RESEARCH ARTICLE


Differential Effects in the Subsystems of the Salience Network in Schizophrenia



Leonidas Mantonakis1, *, Efstratios Karavasilis3, Stefanos Dimitrakopoulos1, Loukia S Poulou3, Georgios Velonakis4, Nikolaos Kelekis4, Nikolaos Smyrnis2
1 Department of Psychiatry, National and Kapodistrian University of Athens, Eginition Hospital, Athens, Greece
2 Department of Psychiatry, National and Kapodistrian University of Athens, University General Hospital “ATTIKON”, Athens, Greece
3 Medical Physics Laboratory, School of Medicine, Democritus University of Thrace, Alexandroupolis, Greece
4 Research Centre of Radiology and Imaging, “Evgenidion” General Hospital, Athens, Greece


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Creative Commons License
© 2024 The Author(s). Published by Bentham Open.

open-access license: This is an open access article distributed under the terms of the Creative Commons Attribution 4.0 International Public License (CC-BY 4.0), a copy of which is available at: https://creativecommons.org/licenses/by/4.0/legalcode. This license permits unrestricted use, distribution, and reproduction in any medium, provided the original author and source are credited.

* Address correspondence to this author at the Department of Psychiatry, National and Kapodistrian University of Athens, Eginition Hospital, Athens, Greece; E-mail: lmantonakis@gmail.com


Abstract

Background

Recent studies have identified links between schizophrenia and abnormalities in the brain's salience network, a crucial system with primary hubs in the anterior insula and anterior cingulate cortex. This network is divided into two subsystems: the dorsal salience network, which processes sensory information and allocates attention to self-generated or external sensory stimuli, and the ventral salience network, associated with processing the emotional valence of stimuli sensations.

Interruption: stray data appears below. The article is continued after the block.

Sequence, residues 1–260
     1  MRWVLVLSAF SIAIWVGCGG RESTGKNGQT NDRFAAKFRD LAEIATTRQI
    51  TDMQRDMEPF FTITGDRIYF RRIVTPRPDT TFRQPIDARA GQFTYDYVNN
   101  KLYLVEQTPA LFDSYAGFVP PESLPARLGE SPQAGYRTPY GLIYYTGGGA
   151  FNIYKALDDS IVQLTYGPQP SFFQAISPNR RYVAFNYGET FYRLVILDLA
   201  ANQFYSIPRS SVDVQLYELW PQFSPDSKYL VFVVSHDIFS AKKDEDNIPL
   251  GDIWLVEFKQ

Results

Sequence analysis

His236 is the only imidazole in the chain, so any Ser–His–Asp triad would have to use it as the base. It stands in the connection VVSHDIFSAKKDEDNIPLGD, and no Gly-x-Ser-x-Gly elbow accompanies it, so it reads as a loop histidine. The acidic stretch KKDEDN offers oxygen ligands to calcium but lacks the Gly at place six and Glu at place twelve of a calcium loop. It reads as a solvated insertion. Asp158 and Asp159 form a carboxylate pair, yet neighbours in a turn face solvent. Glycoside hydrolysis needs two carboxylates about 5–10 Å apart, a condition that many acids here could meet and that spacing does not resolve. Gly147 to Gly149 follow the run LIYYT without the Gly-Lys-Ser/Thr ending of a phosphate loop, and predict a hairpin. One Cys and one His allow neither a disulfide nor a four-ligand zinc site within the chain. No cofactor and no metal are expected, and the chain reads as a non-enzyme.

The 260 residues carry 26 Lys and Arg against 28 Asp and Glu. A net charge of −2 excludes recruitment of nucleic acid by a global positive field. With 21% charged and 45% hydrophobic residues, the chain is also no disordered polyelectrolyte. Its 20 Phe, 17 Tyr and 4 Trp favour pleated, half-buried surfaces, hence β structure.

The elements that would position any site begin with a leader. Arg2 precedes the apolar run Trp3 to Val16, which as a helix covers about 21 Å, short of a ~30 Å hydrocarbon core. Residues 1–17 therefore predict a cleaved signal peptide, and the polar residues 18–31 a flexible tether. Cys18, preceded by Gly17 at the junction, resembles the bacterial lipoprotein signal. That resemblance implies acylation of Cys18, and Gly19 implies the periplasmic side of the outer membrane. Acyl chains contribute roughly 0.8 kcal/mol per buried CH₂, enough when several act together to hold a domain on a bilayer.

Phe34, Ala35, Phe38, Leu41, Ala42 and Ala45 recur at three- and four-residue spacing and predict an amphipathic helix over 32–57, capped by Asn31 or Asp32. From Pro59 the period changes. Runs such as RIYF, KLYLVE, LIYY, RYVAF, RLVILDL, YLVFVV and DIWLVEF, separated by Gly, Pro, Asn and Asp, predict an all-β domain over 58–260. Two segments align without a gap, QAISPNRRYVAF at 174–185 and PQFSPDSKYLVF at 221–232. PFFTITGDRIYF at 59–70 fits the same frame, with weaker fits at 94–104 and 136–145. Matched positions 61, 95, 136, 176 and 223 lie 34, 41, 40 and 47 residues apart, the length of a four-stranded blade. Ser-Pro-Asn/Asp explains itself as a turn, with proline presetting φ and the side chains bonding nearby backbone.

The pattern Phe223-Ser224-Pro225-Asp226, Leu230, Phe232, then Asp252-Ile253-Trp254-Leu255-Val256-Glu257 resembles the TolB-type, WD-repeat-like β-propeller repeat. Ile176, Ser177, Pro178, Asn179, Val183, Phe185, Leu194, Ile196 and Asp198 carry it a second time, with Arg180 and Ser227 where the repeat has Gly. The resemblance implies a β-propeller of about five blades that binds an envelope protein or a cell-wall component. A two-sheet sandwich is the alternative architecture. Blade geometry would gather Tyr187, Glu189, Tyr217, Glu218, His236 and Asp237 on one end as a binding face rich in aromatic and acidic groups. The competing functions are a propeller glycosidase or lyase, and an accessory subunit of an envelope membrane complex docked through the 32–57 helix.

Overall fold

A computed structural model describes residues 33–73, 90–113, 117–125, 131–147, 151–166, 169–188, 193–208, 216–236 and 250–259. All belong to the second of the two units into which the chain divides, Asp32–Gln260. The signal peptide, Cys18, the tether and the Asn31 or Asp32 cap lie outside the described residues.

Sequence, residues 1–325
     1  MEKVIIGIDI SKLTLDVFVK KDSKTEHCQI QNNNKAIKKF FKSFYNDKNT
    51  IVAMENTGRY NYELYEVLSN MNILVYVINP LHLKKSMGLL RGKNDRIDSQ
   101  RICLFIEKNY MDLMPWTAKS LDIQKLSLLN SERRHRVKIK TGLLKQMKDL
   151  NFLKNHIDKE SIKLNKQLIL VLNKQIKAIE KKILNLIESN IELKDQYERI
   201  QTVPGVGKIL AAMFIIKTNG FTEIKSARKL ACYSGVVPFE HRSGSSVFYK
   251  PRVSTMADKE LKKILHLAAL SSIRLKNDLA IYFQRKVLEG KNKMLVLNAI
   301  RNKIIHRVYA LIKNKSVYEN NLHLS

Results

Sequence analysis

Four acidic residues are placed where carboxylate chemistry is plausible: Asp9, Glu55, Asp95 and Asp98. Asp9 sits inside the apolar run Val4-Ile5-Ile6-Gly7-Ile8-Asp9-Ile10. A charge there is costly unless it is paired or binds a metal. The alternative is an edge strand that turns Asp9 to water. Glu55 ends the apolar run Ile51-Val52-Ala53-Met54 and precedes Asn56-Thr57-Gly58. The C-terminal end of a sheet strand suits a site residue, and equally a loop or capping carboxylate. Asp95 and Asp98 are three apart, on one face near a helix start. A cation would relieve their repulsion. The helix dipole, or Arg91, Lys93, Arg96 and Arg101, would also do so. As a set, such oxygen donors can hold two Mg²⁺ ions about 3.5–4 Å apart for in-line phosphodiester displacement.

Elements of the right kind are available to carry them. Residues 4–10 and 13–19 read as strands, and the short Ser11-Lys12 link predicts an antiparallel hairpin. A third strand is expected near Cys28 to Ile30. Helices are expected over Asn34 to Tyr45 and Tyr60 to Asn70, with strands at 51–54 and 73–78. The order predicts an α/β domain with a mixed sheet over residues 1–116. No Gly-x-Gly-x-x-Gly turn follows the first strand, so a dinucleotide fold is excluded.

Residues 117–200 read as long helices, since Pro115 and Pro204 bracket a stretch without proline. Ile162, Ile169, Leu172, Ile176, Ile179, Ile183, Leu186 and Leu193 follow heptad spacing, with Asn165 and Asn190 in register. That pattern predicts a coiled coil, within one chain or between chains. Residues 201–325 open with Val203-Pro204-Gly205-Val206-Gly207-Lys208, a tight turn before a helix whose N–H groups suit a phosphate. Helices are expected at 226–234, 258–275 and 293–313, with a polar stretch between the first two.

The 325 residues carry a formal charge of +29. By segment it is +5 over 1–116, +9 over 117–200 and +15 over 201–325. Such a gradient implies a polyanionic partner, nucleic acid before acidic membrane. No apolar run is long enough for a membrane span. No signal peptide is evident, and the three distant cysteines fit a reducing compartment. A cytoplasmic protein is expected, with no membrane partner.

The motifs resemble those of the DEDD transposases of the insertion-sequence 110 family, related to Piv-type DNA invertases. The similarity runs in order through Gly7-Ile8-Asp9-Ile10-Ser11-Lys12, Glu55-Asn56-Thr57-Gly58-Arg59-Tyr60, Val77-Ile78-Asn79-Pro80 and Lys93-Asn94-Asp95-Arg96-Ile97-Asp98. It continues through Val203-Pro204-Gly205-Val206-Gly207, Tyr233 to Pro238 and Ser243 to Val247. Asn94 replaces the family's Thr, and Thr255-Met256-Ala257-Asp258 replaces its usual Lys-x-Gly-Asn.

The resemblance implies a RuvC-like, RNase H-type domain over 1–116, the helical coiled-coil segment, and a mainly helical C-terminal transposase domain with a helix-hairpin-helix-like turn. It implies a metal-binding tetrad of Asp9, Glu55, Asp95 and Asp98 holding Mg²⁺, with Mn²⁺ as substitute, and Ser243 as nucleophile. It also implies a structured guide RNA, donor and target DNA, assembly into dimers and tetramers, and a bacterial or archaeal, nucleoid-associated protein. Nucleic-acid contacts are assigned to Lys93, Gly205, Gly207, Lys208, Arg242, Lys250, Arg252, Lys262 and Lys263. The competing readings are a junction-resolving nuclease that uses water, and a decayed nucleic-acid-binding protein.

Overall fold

Methods

This pilot study analyzed the resting state functional magnetic resonance imaging (fMRI) data from 14 schizophrenia patients and 16 healthy controls. We focused on the functional connectivity within the salience network's dorsal and ventral subsystems, particularly between the dorsal anterior insula and frontoparietal areas, and the ventral anterior insula and the subgenual anterior cingulate cortex.

Results

The analysis revealed that schizophrenia patients displayed weaker connectivity within the dorsal salience network, notably between the dorsal anterior insula and frontoparietal areas. In contrast, these patients demonstrated increased connectivity within the ventral salience system, especially between the ventral anterior insula and the subgenual anterior cingulate cortex.

Conclusion

Our findings highlight that disruptions in the salience network in schizophrenia vary depending on the type of information being processed. This variance underscores the complexity of the disorder and the specific challenges it poses to the brain's ability to process and prioritize information.

Keywords: Salience network, Resting-state functional magnetic resonance imaging, Schizophrenia, Brain, Sensory information, Abnormal signalling.